Supreme Court candidate Amy Coney Barrett dodges abortion ruling issue


US President Donald Trump’s Supreme Court candidate Amy Coney Barrett told her Senate confirmation hearing on Tuesday that her religious views would not affect her decisions on the bench and declined to say whether she believed the decision 1973 history legalizing abortion nationwide had been properly decided.The Senate Judiciary Committee hearing gives Barrett a chance to respond to Democratic lawmakers who have united to oppose her primarily over what they say is her role in fighting the Obamacare healthcare law and its protection for patients with pre-existing diseases.

Barrett, facing questions from Senators for the first time, declined to say whether she would consider withdrawing from the case, as Democrats demanded, saying she would follow the recusal rules, which give individual judges the final say.

“It’s not a question I can answer in the abstract,” Barrett said.

Responding to questions about abortion, which was legalized by the Supreme Court in a 1973 decision called Roe v. Wade, Barrett said she would, as in other cases, consider the various factors usually applied when judges would assess whether to set aside a precedent.

Senator Dianne Feinstein, the top Democrat on the panel, asked Barrett if she believed Roe v. Wade, which recognized a woman’s constitutional right to terminate a pregnancy, had been properly decided. She refused to answer.

Feinstein told Barrett it was “disturbing” that she didn’t give an answer.

Religious conservatives hope the Supreme Court will overturn Roe v. Wade.

‘I will follow the law’

Barrett is committed to following the rules that bind judges when they consider overturning a precedent.

“I promise to do this for any problem that arises, abortion or whatever. I will obey the law, ”Barrett said.

Judicial Committee Chairman Lindsey Graham speaks at Tuesday’s confirmation hearing. Graham and his fellow Republicans are looking to install Barrett on the Supreme Court ahead of the Nov. 3 election. (Stefani Reynolds / The Associated Press)

Republican Senator Lindsey Graham, chair of the committee, opened the questioning by asking him questions about his conservative legal philosophy known as originalism, in which laws and the constitution are interpreted according to their meaning. at the time they were adopted.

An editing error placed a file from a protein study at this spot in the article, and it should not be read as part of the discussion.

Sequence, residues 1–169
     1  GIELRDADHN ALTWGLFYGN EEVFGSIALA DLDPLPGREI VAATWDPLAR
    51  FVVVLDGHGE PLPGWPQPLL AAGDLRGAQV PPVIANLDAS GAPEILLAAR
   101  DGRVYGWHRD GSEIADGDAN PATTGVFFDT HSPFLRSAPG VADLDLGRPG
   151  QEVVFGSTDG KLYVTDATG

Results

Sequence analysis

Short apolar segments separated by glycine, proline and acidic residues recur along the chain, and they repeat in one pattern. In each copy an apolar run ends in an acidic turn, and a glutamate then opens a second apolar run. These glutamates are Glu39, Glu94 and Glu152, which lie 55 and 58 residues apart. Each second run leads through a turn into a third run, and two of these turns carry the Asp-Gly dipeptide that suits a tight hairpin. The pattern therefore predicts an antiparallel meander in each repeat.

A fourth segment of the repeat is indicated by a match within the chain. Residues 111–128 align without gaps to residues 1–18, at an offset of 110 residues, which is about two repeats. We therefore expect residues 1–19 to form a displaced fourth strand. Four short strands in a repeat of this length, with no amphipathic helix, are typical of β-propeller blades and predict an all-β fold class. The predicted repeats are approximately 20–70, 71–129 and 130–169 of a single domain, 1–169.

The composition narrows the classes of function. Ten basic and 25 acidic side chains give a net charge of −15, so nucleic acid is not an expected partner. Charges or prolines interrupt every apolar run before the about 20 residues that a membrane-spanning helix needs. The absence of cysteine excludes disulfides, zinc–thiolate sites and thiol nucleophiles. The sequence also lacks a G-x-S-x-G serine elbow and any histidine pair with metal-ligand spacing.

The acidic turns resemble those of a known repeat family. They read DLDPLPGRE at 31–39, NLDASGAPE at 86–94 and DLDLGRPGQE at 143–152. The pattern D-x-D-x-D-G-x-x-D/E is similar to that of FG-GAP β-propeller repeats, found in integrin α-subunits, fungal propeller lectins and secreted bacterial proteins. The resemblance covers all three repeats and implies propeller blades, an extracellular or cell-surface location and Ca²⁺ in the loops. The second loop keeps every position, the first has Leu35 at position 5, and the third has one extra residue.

“That meaning doesn’t change over time and it’s not for me to update it or infuse my own political views into it,” Barrett said.

Graham asked Barrett, a devout Catholic and favorite of religious conservatives, if she could put her religious beliefs aside to make legal decisions.

“I can,” Barrett said.

Protesters for and against Barrett’s appointment rally in DC:

Barrett called the late Tory Judge Antonin Scalia, for whom she served as a clerk two decades ago, as her mentor, but said she wouldn’t always reign in the same way he did.

“You won’t get Judge Scalia, you’d get Judge Barrett.” This is because the originalists don’t always agree, ”she says.

Barrett was appointed to the court by Republican President Donald Trump late last month following the death of Liberal Judge Ruth Bader Ginsburg.

Democrats unlikely to block confirmation

She could be in the Supreme Court in time for the Nov. 10 arguments in a case in which Trump and the Republican-led states seek to strike down the 2010 Affordable Care Act, the signature of the former’s domestic policy. Democratic President Barack Obama who has allowed millions of Americans to get medical coverage.

It is also possible that he is asked to influence electoral disputes.

Republicans have a 53-47 majority in the Senate, leaving Democrats with little to no chance of blocking Barrett’s confirmation.

Barrett, 48, would tilt the Supreme Court further to the right and give Tory justices a 6-3 majority, making even the unexpected victories the Liberals have prevailed over in recent years, including abortion and gay rights , even rarer.

WATCH Barrett swears to follow the law, not to do it:

Deep divisions between Republicans and Democrats were at the fore on the first day of Senate confirmation hearings for Supreme Court candidate Amy Coney Barrett. Coney Barrett says she would not let her personal beliefs influence her judgments. 2:01

Trump’s appointment of Barrett came late in an election cycle when Republican control of the White House and Senate is on the line. The format of the confirmation hearing has changed due to the COVID-19 pandemic, the public being excluded and some senators participating remotely.

The hearing is a key step ahead of a full Senate vote by the end of October on Barrett’s confirmation of lifetime employment in the field.


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